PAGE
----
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Sanding Advice Please

Johnturner

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Here is pic of a wide rim bowl I am working on. I got up to 400 grit and noticed that there are fine sanding lines.
Start over at 120? Any other ideas?

20210627_160330.jpg
 

trc65

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I'd probably go back to 80x, some of those look deep. To help see those deep scratches, I blow off after each grit, and look closely with light at a low angle.
 

phinds

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You should never move up to a higher grit unless you are quite confident that you've evened things out at the grit you're on. OTHERWISE ...

And, yeah, you should move back to a low grit and start over.
 
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Alan R McDaniel Jr

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On some of the "You Tubes" I see guys using a sanding disc chucked in to a drill that they then use to sand bowls and such. I've never tried it on a lathe. I've used them to good effect on my carved bowls that have irregular surfaces but you've got to keep the disc contact surface in line with the grain or it doesn't do well.

Seems to me like it's a good way to get deep scratches going in more than one direction.

Alan
 

Lou Currier

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On some of the "You Tubes" I see guys using a sanding disc chucked in to a drill that they then use to sand bowls and such. I've never tried it on a lathe. I've used them to good effect on my carved bowls that have irregular surfaces but you've got to keep the disc contact surface in line with the grain or it doesn't do well.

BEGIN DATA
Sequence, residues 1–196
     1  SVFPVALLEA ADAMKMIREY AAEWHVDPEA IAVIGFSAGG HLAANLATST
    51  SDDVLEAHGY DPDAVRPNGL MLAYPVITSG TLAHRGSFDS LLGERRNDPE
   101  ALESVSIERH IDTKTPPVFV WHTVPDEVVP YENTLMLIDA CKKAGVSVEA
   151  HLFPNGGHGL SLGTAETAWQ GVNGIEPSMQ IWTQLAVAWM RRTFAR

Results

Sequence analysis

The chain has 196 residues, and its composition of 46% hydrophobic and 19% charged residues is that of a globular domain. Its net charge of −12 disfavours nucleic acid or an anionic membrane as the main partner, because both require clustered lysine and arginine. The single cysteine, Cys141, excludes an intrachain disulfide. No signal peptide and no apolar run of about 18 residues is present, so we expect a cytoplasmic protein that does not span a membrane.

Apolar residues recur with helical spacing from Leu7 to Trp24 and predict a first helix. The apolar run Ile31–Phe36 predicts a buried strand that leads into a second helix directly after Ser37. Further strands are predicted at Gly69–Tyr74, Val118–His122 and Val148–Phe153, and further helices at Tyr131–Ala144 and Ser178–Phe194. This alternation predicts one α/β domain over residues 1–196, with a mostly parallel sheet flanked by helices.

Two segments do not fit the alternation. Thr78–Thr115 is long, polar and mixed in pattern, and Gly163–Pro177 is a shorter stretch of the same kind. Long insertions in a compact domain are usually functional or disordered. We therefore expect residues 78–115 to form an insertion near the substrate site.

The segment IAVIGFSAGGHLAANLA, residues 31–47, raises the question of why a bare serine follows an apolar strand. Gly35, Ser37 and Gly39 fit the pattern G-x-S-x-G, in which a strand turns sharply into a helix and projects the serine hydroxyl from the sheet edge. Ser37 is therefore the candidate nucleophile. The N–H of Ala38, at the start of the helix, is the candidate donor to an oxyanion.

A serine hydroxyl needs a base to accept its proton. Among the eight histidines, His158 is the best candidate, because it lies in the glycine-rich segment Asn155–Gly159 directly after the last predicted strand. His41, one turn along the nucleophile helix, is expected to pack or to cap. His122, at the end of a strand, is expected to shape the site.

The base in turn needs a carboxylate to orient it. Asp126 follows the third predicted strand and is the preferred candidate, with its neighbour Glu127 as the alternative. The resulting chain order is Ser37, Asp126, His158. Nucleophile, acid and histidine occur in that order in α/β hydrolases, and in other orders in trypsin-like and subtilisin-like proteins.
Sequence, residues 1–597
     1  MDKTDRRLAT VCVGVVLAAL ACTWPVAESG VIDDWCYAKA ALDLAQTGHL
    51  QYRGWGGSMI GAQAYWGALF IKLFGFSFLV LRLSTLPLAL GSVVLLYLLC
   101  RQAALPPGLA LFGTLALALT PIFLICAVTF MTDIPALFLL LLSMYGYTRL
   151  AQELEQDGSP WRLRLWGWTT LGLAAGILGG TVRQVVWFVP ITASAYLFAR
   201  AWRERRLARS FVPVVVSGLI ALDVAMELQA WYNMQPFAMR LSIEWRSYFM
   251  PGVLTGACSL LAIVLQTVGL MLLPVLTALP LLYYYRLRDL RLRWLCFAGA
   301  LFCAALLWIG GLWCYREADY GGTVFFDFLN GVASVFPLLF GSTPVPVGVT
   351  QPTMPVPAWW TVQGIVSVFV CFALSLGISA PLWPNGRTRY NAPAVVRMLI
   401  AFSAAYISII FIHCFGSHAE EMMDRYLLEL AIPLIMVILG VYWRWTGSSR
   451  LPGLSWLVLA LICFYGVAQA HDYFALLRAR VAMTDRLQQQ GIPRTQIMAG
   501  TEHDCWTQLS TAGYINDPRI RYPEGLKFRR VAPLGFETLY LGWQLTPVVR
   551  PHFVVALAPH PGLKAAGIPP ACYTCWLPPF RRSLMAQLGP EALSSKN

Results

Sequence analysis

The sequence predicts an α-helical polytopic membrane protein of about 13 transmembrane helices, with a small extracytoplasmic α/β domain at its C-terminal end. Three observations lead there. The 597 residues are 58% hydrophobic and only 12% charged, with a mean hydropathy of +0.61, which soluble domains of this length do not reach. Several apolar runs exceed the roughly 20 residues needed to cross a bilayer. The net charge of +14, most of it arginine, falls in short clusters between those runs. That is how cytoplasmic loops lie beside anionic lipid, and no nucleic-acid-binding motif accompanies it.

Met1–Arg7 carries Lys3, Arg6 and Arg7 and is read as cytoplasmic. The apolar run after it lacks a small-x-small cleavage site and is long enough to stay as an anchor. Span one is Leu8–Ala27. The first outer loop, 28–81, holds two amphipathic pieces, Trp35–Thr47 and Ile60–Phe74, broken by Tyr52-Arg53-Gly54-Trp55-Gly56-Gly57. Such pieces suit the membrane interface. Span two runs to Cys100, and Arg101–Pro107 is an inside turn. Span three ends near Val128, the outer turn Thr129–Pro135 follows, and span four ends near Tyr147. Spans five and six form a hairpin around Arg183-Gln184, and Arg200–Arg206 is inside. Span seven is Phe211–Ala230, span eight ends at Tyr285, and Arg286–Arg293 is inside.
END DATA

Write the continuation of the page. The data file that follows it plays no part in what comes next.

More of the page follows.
Seems to me like it's a good way to get deep scratches going in more than one direction.

Alan
It may also help if you use sanding sealer and I agree with the others, start over, don't use a lot of pressure and keep the paper moving while you sand.
 

Tony

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John, do have reverse on your lathe? If you do, start over at 80 and sand forward and backward in each grit. That helps me out a lot.
 

DirtFarmer

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For bowls and such, I've found that there's a tool that you can put sanding pads on that rely on centrifugal force to spin the sander in different directions as the bowl spins. It's not perfect (and will bite your knuckles if you aren't too careful), but it's greatly reduced my sanding time.

 

Tom Smart

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Harbor Freight right angle drill for less than $25; hook and loop foam backed sanding pads on a mandrel; sand paper through grits 80 to 600; sanding sealer or raise the grain with water; slow speed on the lathe, alternate forward and reverse.

 
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